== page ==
But these are constraints only in the way that handcuffs were constraints for Houdini, because although The Only Story contains some familiar elements, it deals with them in consistently surprising ways. It is a novel that quietly sinks its hooks into the reader and refuses to let go.
The Only Story, which steps through familiar Barnesian territory, giving us the English suburbs, an aged protagonist looking back over an unfulfilled life, all told in deceptively affectless prose. It would appear that the muted critical response to Barnes’s dazzling meta-fictive portrait of the life of Shostakovich, The Noise of Time, has persuaded him to return to the style and subject matter of the Man Booker prize-winning The Sense of an Ending (2011).... The ending is quietly breathtaking, evidence of the subterranean magic that’s wrought by those seemingly austere sentences.
The effect of this mutability, more than in the tricksier world of Flaubert’s Parrot, more than in the more obviously destructive world of The Good Soldier, is to create a readerly disappointment that’s all the stronger for the speed with which it occurs. The prose, though often playful and always elegant, propels us forward, first into joy, and then into despair, and there is no escape from the central story as it becomes bleaker. This intense, taut, sad and often beautiful tale may well be Barnes’s best novel for some years.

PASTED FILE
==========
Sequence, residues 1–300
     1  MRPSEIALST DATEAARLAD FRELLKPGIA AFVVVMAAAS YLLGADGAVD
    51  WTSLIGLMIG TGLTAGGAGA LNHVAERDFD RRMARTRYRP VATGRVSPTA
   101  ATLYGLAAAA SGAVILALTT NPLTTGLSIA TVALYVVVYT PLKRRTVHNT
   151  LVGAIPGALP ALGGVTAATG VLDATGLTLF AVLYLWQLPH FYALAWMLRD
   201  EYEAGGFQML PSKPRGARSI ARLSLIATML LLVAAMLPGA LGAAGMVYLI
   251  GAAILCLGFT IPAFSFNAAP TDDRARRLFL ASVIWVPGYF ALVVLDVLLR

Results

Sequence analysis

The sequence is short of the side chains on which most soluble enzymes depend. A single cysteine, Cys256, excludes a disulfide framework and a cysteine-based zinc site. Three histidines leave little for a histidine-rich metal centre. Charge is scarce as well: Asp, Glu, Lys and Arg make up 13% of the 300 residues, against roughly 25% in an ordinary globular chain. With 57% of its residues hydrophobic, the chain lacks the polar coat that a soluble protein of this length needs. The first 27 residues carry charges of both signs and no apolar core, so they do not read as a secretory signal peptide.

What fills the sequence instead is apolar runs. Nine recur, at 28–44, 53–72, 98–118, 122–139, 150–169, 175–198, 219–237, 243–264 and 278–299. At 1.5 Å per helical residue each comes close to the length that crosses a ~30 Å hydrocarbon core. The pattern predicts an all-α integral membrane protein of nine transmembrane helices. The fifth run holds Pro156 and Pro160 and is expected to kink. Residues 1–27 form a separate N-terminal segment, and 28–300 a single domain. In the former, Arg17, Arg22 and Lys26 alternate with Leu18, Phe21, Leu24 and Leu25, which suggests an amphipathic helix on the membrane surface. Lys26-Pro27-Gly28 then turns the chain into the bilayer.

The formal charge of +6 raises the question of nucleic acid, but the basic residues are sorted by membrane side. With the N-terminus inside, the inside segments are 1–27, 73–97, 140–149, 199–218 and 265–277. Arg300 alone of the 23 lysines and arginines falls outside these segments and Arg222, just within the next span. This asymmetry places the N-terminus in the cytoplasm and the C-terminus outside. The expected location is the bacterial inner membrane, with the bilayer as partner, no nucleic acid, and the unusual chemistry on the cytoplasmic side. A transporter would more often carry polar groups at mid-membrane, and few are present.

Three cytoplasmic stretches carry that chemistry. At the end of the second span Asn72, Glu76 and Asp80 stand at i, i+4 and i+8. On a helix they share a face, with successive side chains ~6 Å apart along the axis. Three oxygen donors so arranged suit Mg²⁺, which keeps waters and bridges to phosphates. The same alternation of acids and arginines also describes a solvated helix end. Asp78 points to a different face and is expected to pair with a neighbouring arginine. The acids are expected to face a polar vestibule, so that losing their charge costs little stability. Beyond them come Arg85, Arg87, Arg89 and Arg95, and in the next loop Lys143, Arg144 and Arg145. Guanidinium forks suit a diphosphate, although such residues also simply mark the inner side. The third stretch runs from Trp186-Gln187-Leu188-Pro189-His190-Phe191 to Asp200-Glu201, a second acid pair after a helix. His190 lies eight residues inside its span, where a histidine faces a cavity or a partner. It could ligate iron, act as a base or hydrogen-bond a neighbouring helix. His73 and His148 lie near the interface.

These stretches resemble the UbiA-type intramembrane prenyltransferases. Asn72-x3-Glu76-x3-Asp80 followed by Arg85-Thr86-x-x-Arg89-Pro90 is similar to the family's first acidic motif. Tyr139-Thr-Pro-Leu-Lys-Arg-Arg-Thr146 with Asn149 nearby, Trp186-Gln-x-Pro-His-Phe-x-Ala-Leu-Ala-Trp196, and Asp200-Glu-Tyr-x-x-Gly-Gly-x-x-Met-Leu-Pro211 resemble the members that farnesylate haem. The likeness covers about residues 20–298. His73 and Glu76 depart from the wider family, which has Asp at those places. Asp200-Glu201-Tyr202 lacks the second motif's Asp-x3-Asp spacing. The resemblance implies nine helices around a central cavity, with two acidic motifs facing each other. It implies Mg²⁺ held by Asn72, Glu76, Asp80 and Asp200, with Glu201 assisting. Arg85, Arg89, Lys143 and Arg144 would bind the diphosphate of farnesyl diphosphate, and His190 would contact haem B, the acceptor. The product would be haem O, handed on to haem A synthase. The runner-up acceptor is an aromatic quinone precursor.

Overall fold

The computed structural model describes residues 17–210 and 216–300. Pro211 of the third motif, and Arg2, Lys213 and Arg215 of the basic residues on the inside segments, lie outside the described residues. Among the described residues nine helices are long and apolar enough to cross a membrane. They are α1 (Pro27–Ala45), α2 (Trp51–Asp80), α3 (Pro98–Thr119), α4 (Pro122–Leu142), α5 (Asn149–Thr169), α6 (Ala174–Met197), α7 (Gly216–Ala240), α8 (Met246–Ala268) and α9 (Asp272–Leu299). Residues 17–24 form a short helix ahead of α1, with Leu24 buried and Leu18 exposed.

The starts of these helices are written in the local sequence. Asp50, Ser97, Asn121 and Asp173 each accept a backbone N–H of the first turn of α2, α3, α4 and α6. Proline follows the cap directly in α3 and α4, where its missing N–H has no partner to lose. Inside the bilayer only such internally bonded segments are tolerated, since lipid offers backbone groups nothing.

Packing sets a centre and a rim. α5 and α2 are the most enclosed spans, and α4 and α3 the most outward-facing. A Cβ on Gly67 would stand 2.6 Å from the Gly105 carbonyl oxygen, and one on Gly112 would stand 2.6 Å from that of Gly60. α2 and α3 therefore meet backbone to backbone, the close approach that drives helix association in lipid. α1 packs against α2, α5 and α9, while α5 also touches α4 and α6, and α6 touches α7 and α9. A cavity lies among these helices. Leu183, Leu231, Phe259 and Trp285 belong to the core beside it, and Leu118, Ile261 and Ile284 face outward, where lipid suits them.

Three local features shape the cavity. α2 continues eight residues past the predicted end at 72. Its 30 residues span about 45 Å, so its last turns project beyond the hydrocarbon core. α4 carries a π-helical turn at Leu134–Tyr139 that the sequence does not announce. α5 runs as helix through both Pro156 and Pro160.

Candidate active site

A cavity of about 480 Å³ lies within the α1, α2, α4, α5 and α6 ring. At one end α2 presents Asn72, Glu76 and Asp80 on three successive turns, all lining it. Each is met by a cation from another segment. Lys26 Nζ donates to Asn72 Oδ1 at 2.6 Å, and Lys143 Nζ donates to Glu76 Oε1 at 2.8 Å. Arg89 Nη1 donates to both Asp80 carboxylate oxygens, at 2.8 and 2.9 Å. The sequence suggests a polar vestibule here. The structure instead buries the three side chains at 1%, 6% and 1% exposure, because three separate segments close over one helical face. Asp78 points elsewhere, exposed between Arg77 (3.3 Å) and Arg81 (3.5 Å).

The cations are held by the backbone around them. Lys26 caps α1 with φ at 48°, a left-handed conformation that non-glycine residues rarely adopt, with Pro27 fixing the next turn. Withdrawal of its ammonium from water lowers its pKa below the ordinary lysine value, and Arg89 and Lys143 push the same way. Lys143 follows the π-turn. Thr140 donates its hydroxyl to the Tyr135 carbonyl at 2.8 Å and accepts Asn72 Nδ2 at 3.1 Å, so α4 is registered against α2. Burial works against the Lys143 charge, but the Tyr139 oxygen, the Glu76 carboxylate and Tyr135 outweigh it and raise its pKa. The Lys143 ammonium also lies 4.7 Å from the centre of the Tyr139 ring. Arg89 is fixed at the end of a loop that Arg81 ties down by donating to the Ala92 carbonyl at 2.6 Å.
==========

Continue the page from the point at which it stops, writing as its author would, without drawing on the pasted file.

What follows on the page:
All this means that the exquisite moments – and there are many – in The Only Story come from its psychological acuity, especially about how we remember. In Paul’s narrative, experiences deconstruct themselves and personalities decay in a devastatingly convincing way. Susan is at first an alluring, rich, potent presence, full of ironic turns of speech from which we infer great intelligence; but she becomes reduced, by the middle of the book, to a series of repetitive tropes (“A played-out generation … this has all been frightfully interesting”), while even her nicknames, a vital part of her charm, are reduced to verbal tics: “Mr EP” for the man who hits her, “Mr Badger” for Paul. She carries on asking desperate questions until we, not just Paul, wonder if we ever knew her at all.